Recently, the European government required all university students to present a minimum B1 level of English to even get the paper copy of their degree (ach-titulitis!). If you’re totally new to teaching, the system of level assessments and certificates is confusing, especially one against another. What does a Trinity Level 7 correspond to in Cambridge? What does CPE stand for? Try being in charge of academic development at a school and explaining that to parents whose first defense will be, “I don’t know, I studied French.”
The Takeaway – School’s Out for Summer
I often think back to my first days of teaching. I had a newly minted TEFL degree, teaching genes apparently in my blood and no idea what to do in front of 30 teenagers who’d rather copy Justin Bieber lyrics off of the blackboard (yeah, that’s how long I’ve been at it!).
I always swore I’d never be a teacher after watching my mom scramble on Sunday nights or having to manually put in all of her grades into a gradebook. The boss I had when I was an auxiliar once told me that I had vocación: I had what it takes to be a teacher. After eight school years, probably 2500 students and a million eye rolls later, I think she’s right.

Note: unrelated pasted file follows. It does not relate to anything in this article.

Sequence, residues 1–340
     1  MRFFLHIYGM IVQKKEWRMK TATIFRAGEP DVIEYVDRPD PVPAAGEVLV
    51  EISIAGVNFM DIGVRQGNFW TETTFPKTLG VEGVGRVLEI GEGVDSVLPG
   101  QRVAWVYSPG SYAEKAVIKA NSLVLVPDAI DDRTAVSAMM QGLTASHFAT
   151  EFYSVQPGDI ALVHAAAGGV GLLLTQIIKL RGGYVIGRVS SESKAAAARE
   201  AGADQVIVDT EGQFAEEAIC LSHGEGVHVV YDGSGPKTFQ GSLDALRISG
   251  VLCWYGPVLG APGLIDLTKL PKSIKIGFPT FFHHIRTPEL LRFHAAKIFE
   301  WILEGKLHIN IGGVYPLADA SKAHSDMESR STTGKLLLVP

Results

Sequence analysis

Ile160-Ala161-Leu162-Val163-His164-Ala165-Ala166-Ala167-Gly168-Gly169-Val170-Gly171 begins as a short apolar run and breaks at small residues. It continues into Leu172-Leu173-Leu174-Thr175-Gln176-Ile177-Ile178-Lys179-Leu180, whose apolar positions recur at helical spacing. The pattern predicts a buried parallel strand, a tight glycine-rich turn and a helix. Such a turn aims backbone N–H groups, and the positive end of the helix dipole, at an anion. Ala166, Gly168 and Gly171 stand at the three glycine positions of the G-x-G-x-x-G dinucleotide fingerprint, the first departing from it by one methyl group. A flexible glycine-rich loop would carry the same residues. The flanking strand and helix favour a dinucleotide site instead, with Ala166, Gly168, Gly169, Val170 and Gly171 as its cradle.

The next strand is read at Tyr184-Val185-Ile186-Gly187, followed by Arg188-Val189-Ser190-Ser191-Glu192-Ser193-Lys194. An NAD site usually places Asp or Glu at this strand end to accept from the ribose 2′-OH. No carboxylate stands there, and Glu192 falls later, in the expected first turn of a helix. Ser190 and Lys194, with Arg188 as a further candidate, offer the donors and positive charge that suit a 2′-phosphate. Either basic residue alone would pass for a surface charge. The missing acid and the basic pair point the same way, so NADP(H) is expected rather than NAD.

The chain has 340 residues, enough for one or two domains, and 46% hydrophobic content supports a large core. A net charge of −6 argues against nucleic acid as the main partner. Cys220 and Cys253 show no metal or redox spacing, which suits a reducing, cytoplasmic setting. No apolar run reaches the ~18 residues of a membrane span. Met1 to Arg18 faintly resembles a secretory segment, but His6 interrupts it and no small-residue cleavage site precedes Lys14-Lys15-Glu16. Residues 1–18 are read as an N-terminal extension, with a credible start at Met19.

Teaching in Spain is rewarding, frustrating and hilarious all rolled into one job with pretty amazing vacation time.
Want the skinny on teaching in Iberia and tips on how to land and get situated in Spain? I co-penned a comprehensive e-book last summer on how to move to Spain and set up as a teaching assistant.
Read more about it here or purchase it for 10€ through eJunkie! We’re currently re-vamping the book and adding even more to it, so join COMO‘s FREE newsletter for more information on its release date! I’m also happy to recommend TEFL programs and teaching opportunities.